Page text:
During the past 15 years, I’ve become familiar with hundreds of personal stories about severe workplace bullying. I’ve seen, over and again, how bullying targets often face multiple challenges in terms of understanding and responding to their situations.
Many bullying targets go through similar stages on their path to a better place: Recognition, response, recovery, and renewal. Here are some brief thoughts on each:
Being severely bullied at work can be a shock to the system. Especially if the bullying is more indirect, simply figuring out what’s happening can be a maddening challenge. “I didn’t know what hit me” is a common refrain from targets.
The term “workplace bullying” is gaining wider recognition, but many who experience it were not familiar with the term beforehand. For these people, there’s often a “shock of recognition” that occurs when they, say, stumble upon the website of the Workplace Bullying Institute or this blog. For many, discovering there’s such a thing as “workplace bullying” is a revelation, one that validates their experiences and impressions.
Processing this experience and its effects on one’s health and employment may take time, reflection, study, and perhaps professional help — even while the bullying behaviors themselves continue and sometimes escalate.
The next step is to address the bullying itself. In this short post, I won’t attempt to discuss all the options and their limitations, but they range from internal reporting, to filing a legal complaint (though in the U.S., such possibilities are limited), to leaving the job. Unfortunately, the latter too often remains the most viable option in terms of removing the threat to one’s well-being.
There is no singular, “one size fits all” approach, so be wary of advice that suggests so. But do assess your options with the growing number of useful resources (see below) available to you.
Workplace bullying can exact a heavy toll on one’s mental and physical health. If you are in this position, then recovering your health is a critically important stage.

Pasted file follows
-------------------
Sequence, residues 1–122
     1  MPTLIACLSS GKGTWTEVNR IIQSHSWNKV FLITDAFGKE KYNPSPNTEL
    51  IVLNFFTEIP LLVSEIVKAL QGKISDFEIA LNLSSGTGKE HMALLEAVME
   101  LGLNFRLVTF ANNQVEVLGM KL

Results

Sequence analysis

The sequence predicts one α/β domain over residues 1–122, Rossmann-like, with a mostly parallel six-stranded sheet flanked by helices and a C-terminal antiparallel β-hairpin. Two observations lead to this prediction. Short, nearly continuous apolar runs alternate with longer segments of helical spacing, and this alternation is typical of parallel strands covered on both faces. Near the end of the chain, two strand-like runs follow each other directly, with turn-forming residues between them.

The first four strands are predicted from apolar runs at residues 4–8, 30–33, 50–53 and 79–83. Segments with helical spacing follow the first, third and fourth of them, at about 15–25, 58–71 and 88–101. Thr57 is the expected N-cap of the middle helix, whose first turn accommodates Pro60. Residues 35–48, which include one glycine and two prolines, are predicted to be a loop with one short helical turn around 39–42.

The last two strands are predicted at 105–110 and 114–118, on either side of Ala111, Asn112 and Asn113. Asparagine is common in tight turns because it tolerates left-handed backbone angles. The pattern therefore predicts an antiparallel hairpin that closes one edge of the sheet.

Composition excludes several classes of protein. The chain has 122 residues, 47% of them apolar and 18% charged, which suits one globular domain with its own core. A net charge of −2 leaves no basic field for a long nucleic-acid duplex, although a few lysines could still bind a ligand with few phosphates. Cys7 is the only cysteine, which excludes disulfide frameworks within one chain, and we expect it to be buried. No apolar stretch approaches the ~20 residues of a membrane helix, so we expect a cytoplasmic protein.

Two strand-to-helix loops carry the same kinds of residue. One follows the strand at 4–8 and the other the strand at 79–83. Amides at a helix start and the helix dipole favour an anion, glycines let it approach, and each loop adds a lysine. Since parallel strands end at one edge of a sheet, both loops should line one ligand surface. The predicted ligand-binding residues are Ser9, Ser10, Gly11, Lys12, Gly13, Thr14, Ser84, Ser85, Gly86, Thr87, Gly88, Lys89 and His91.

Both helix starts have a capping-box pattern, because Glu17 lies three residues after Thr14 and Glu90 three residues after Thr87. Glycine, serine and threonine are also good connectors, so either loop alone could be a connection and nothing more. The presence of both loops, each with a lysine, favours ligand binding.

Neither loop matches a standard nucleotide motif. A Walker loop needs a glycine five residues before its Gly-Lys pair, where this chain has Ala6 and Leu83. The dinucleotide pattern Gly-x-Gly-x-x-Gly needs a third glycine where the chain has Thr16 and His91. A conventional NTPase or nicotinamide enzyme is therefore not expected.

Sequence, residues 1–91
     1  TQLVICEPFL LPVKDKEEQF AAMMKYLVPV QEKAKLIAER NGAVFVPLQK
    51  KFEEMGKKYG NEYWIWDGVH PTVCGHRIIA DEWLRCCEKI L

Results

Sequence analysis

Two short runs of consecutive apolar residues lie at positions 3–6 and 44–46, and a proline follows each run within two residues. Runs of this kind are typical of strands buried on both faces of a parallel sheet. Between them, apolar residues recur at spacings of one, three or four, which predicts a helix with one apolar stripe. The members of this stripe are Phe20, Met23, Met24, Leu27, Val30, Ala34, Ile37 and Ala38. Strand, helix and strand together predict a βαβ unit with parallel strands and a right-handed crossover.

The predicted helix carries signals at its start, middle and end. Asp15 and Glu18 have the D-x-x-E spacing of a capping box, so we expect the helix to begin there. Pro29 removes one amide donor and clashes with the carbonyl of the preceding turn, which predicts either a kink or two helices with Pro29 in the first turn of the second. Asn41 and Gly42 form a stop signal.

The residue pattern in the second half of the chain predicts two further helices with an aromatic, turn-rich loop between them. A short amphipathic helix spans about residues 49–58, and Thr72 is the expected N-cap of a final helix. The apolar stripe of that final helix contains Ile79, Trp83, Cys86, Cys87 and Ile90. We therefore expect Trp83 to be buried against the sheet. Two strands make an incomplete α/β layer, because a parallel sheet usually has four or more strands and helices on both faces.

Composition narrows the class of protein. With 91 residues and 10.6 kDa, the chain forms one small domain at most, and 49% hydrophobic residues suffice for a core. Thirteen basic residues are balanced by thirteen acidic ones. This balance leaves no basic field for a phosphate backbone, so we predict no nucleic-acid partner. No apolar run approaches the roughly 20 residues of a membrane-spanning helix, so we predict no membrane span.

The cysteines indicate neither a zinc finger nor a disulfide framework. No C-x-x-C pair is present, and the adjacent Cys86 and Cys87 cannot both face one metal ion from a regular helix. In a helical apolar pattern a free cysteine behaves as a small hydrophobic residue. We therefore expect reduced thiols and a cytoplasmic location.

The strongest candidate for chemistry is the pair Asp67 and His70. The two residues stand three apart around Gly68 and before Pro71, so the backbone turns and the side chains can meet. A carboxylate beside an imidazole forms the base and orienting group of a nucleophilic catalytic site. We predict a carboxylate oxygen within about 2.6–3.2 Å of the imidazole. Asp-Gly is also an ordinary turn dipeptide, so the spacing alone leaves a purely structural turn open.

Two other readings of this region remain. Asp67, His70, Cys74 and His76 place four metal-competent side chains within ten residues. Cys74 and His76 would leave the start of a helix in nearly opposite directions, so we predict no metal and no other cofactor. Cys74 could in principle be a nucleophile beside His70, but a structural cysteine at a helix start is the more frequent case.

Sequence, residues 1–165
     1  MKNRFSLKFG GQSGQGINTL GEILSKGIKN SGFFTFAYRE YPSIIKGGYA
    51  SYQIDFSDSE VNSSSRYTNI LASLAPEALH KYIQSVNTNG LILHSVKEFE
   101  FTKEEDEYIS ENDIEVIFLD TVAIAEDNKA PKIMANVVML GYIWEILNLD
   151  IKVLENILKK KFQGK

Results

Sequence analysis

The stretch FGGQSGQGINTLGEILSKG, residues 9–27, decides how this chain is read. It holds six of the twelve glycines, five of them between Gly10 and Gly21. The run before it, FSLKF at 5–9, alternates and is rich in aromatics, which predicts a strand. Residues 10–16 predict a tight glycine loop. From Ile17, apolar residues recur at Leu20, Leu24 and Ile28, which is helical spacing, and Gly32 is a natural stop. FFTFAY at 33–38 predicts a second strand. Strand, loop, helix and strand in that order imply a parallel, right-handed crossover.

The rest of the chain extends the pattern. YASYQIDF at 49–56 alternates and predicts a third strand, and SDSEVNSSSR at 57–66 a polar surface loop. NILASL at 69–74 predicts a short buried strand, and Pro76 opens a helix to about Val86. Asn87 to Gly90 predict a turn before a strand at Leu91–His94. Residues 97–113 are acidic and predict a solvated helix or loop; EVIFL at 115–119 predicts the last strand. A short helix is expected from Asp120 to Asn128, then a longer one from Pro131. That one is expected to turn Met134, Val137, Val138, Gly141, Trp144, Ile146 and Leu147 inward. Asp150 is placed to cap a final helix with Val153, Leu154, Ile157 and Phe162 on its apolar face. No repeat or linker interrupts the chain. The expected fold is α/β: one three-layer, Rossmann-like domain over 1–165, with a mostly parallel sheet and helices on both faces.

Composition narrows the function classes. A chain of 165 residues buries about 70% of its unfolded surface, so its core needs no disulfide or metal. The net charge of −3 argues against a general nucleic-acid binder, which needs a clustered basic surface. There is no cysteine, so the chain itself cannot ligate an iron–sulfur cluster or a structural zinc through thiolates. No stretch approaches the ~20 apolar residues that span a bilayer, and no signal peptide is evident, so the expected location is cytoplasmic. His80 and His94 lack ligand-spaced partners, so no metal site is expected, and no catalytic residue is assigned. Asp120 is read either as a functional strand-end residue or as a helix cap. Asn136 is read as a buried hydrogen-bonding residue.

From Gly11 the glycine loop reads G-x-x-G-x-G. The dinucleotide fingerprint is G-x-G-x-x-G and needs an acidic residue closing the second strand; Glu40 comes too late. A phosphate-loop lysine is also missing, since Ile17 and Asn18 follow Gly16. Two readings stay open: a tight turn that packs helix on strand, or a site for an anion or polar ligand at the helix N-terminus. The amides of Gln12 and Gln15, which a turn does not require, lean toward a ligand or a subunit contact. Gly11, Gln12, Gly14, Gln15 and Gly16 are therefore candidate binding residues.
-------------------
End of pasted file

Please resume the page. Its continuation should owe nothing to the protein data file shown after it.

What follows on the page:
If you’re currently a bullying target, you need to address any health problems as they arise and to engage in whatever safe coping strategies may be available. As far as genuine recovery goes, it’s awfully hard to enter this stage until the threat is removed. Recovering from bullying while you’re still experiencing it is next to impossible.
Once you’re away from it, however, the process of healing can begin. It may be longer or shorter in duration. If, for example, the bullying has triggered clinical depression or symptoms consistent with Post-Traumatic Stress Disorder, this may be a longer term process. In any event, some combination of self-help and professional assistance may be useful.
“Moving forward” is another phrase that rolls easily off the tongue, while in reality it often presents significant challenges.
It may mean getting another job or even searching out a new livelihood. And in many cases it will mean finding ways to deal with recurrent feelings of anger, fear, and resentment. This often is an ongoing process, rather than a sudden point of being “over it.” That’s why for many people, these stages can overlap, with hopefully less of the bad stuff and more of the good stuff becoming prevalent over time.
Ultimately, though, people can and do find their way out of the darkness. In talking to targets of severe workplace bullying, I find that many were able to summon reserves of strength and resilience they didn’t know they possessed. These qualities led them to better places in their lives, away from the abuse that so undermined them.
A 5th “R”: Resources
The best overall self-help resource remains Gary and Ruth Namie’s The Bully at Work (rev. ed., 2009). Written in a straightforward, supportive, and conversational tone, it delivers a ton of information and insights about workplace bullying and useful advice. Some of this material also is available without charge at their Workplace Bullying Institute website. WBI’s professional coach, Jessi Eden Brown, offers short-term phone coaching to bullying targets for a reasonable fee.
In addition, I’ve collected various resources and posts in the Need Help? section of this blog, including a variety of blog posts that may be useful for targets assessing their options.
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